The Government is considering whether it should directly intervene to improve mobile coverage for rail passengers.
The announcement was made as part of Chancellor George Osborne's Budget, which was delivered today (21 March). Osborne gave further details on how he would spend the £150m earmarked for the mobile infrastructure project, which was announced last autumn. Osborne said by 2015, mobile coverage would be extended to 60,000 rural homes and along at least 10 key roads across the UK.
He said: 'Two years ago Britain had some of the slowest broadband speeds in Europe; today our plans will deliver some of the fastest – with 90% of the population having access to superfast broadband, and improved mobile phone coverage for rural areas and along key roads across the UK.'
He also announced that Belfast, Birmingham, Bradford, Bristol, Cardiff, Edinburgh, Leeds, London, Manchester and Newcastle would become 'super-connected cities'. By 2015, ultra-fast broadband coverage would be extended to 1.7 million households and 200,000 businesses in high growth areas. Osborne also promised high speed wireless broadband for 3m residents. A further £50m would be spent on funding a second wave of smaller super-connected cities.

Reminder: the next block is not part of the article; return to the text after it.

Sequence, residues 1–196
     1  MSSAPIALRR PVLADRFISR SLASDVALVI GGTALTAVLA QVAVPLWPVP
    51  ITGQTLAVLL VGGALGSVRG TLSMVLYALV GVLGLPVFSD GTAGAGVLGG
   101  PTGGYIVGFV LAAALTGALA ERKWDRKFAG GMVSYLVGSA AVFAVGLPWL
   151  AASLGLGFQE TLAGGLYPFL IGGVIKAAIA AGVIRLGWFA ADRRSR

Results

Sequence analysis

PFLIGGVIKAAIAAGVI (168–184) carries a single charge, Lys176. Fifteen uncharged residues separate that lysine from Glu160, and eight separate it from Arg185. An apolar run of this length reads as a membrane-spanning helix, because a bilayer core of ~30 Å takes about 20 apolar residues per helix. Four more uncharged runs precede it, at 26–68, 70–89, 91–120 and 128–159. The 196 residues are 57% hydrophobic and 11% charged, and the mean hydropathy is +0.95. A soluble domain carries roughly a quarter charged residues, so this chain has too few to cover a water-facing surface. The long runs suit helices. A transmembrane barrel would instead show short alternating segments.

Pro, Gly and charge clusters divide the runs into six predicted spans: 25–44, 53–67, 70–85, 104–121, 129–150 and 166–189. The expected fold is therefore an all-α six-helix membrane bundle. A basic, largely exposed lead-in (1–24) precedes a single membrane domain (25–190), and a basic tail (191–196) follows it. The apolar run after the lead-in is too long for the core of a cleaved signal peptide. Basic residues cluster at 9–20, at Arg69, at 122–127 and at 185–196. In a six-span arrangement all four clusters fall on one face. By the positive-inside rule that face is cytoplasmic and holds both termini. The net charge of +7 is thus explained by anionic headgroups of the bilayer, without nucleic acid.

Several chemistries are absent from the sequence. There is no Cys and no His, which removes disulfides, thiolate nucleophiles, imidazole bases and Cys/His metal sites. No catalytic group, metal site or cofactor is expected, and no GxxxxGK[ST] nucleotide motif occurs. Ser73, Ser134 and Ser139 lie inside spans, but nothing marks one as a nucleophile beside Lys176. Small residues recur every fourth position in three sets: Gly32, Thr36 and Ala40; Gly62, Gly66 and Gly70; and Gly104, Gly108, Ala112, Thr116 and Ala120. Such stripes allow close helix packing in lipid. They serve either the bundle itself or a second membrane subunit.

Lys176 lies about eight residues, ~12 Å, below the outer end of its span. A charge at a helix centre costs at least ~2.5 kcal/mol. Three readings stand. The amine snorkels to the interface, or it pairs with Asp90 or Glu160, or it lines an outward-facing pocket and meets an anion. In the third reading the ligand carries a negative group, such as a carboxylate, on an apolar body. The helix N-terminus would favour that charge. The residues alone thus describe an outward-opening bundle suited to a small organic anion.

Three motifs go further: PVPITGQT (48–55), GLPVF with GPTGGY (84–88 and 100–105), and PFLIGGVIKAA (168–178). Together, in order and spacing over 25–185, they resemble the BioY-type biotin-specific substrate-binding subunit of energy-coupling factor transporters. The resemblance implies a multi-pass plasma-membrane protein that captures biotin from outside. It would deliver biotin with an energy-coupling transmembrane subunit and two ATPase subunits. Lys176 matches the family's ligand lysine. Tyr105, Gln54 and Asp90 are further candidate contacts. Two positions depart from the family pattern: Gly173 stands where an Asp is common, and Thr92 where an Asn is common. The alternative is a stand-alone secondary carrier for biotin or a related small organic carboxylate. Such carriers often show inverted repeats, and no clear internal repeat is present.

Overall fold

Julia Stent, director of telecoms at uSwitch said: 'Whilst funding earmarked for ultra-fast broadband in 10 UK cities is both ambitious and heartening, and will undoubtedly benefit technology companies looking to develop and expand in the UK, the primary concern should be the provision of a quality service to rural areas before pursuing the title of fastest broadband in the world.
'Although there are still broadband blackspots and speed issues in some urban areas of the UK, we worry that the major towns and cities will speed ahead of the rest of the country in the premature quest to become fastest in the world.
'The Government's chief concern should be the provision of a service to those areas lacking decent broadband infrastructure before pursuing the likes of Korea and Singapore. Bringing an appreciable average speed to those in rural areas who have been forever languishing in the slow lane must be of equal importance.'
Editor: Graeme Neill